I'm applying via Commonapp and I figured I need a really strong personal essay. This is my first draft of my personal essay, and I want to be sure it is good enough. I just joined this forum, and I'm VERY new to this, so I hope you'll be kind. Also, I'm applying for Vassar on ED2, if it helps while criticizing the essay. Thanks!
"The speech I am about to recite is 'Marc Antony's speech over the dead body of Caesar', by Julius Caesar." I stammered, and froze as the entire audience burst into spontaneous laughter. I blushed, whispered "Umm, by Mark Antony", and wished I could turn invisible as I waited for the laughter to stop. Though the "entire audience" had just have been my classmates and my English teacher, it was enough to make my brain freeze up with stage fright. Public elocution, even a practice session, was definitely not for me.
Back in the 10th grade, I was a quiet kid, prone to working quietly by myself rather than participate in class discussions. If I wasn't so lucky to avoid the teacher's gaze for questions, I'd get up unsteadily, mumble a fast answer incoherently staring down at my shoes, and sit abruptly. I was a good student though; I studied hard, got good grades and my teachers liked me. The only problem, they said to my parents during parent-teacher conferences, was that I didn't speak up in class and "show her true potential". Outside class, I was still an outspoken person; the loudest in my friends circle and the one most likely to tell stories and entertain people. Still, I had the worst case of stage fright; when it came to public speaking, I was a nervous wreck. The thought of standing in the spotlights in front of people I hardly knew, and showing my worth, was a nightmare.
It was my English teacher who urged me to participate in the recital. She had always appreciated my good language skills. Few people in my school were good at both English, and Nepali, our native language, and she recognized me for being adept at both. "You have a good command over English - use it! You can write well, speak fluently; what else do you want? Do not waste your talent." Miss Anjana admonished me before signing me up for the recital. I protested weakly; I had never performed on stage before my class, let alone the entire school! However, she said she believed in me, and I couldn't let her down, could I?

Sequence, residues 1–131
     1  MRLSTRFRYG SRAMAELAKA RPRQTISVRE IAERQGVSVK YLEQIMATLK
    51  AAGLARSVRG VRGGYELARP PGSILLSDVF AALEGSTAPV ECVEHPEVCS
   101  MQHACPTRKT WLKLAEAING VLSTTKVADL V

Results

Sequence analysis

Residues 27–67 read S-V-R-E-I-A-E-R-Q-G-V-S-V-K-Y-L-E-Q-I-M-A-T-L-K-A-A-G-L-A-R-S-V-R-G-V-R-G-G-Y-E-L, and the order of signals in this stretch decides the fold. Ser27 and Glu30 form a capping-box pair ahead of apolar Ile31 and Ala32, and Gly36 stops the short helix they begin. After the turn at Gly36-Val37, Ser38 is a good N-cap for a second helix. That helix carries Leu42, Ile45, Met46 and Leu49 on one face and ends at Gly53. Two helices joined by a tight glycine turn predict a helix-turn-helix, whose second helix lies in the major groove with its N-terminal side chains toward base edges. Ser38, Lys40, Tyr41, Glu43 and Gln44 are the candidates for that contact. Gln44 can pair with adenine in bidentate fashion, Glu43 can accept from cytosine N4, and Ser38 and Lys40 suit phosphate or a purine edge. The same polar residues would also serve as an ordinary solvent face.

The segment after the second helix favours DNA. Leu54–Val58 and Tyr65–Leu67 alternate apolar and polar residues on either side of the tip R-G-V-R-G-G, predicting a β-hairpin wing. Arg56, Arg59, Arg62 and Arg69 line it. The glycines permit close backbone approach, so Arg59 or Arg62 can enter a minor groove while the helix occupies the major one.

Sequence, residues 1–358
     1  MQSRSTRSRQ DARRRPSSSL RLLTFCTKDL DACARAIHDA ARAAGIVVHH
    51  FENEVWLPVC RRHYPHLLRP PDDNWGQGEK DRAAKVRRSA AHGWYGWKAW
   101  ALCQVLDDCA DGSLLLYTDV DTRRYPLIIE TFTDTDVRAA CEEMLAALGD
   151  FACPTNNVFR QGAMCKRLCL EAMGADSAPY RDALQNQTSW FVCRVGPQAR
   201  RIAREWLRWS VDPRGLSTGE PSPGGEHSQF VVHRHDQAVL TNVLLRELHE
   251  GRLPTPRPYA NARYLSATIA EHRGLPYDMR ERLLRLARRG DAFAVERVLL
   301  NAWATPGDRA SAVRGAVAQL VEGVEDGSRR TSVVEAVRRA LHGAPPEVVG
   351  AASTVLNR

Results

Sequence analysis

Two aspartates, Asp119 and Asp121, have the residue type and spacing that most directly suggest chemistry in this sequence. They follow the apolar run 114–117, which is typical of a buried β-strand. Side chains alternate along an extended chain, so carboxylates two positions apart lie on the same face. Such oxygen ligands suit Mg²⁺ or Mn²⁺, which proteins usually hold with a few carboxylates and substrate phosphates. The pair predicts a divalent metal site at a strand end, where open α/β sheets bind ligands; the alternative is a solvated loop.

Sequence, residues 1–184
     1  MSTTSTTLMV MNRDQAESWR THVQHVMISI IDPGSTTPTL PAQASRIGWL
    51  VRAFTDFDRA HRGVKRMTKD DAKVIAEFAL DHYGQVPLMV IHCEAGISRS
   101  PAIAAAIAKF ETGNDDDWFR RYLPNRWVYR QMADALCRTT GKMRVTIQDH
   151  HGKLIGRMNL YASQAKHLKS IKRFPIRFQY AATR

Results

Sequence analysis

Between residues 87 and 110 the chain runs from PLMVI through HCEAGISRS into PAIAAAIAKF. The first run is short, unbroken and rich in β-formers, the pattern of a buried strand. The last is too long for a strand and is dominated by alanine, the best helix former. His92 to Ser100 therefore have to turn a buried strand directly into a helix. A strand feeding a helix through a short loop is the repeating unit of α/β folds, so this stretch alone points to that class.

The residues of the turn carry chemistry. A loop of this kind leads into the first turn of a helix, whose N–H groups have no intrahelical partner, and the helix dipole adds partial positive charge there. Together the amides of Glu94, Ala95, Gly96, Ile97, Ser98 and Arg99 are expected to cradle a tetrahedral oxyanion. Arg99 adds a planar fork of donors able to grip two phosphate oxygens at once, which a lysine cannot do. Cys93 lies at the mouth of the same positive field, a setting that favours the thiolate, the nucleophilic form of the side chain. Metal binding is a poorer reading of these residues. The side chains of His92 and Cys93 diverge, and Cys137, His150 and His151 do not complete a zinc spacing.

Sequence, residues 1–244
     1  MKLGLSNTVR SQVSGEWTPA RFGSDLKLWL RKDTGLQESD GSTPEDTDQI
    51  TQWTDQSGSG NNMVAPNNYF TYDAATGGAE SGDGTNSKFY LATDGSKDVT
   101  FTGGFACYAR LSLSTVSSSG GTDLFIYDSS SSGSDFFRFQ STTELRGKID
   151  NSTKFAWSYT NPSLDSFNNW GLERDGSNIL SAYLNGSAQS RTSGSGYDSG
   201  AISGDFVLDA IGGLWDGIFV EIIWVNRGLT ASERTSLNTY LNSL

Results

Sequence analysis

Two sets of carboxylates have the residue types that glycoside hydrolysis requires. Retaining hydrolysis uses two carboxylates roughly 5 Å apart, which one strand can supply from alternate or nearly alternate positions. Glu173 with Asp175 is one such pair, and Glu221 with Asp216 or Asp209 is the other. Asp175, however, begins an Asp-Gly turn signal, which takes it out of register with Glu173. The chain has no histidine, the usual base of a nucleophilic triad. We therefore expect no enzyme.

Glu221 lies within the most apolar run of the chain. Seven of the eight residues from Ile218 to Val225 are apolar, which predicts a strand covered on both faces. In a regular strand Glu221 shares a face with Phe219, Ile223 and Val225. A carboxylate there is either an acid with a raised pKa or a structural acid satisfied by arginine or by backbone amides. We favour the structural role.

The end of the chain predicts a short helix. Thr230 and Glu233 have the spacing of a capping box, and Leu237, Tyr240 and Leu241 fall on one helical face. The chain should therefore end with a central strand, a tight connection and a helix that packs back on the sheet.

After weeks of practice and stammering in front of my classmates, D-day had arrived. Miss Anjana smiled encouragingly at me as I sat, trembling, in the uncomfortable foldable metal chairs in the stage with the other participants. The hall was dark and cold, students and teachers looking expectantly up at us. I resisted the urge to throw up. When my turn came, I stood up shakily, stepped forward, and blurted out my lines. My stage fright took over my mind, and my body took the job onto itself. The audience was a blur of colors, faces indistinct. Somehow I finished the speech, bowed, and unstuck my feet from the ground to go back to my seat, my heart hammering away like a rabbit's the entire time.
It would have been a nice ending to the story to say that everyone was amazed at my performance and they leapt to their feet with thunderous applause, and that I got over my stage fright instantly. But of course that's not what happened. There was polite applause, but the judges were not impressed by my deer-in-the-headlights performance.
I could have been devastated with the failure of my first ever try on stage; I could have walked around with my head in a paper bag the rest of the school year. But here's the thing: I didn't. After the recital had finished and I had regained normalcy enough to think rationally, I realized, well that hadn't been too hard! I hadn't convulsed into fits or caught a Public Speaking Contracted Disease, if it even exists. Even better, Miss Anjana greeted me exultantly offstage, and praised me for my performance. I could get used to that!
Once I had survived the recital intact, I started to reflect a bit more on my stage fright, and eventually found it ludicrous. If everyone cringed from expressing themselves or speaking out in public, how would ideas flow? What if Martin Luther King Jr. had said: "I h-have a dream -" and abruptly run off the podium? How would I ever survive this world without asserting myself?
Overcoming my stage fright is a work in progress. I started pushing myself to do things I wouldn't have dared to. The following year, and the year after that, I took part in One Act plays in my school, one of which even won the Best Play Award. I discovered my love, and a hint of talent, for acting. I realized how fear and nerves had limited my options in life, how I still had so much to discover of myself. Today, I no longer stop myself from doing what I want because I'm too afraid of the "audience". I stand a confident, self-assured person willing to take risks; willing to learn from my mistakes or rejoice at my accomplishments.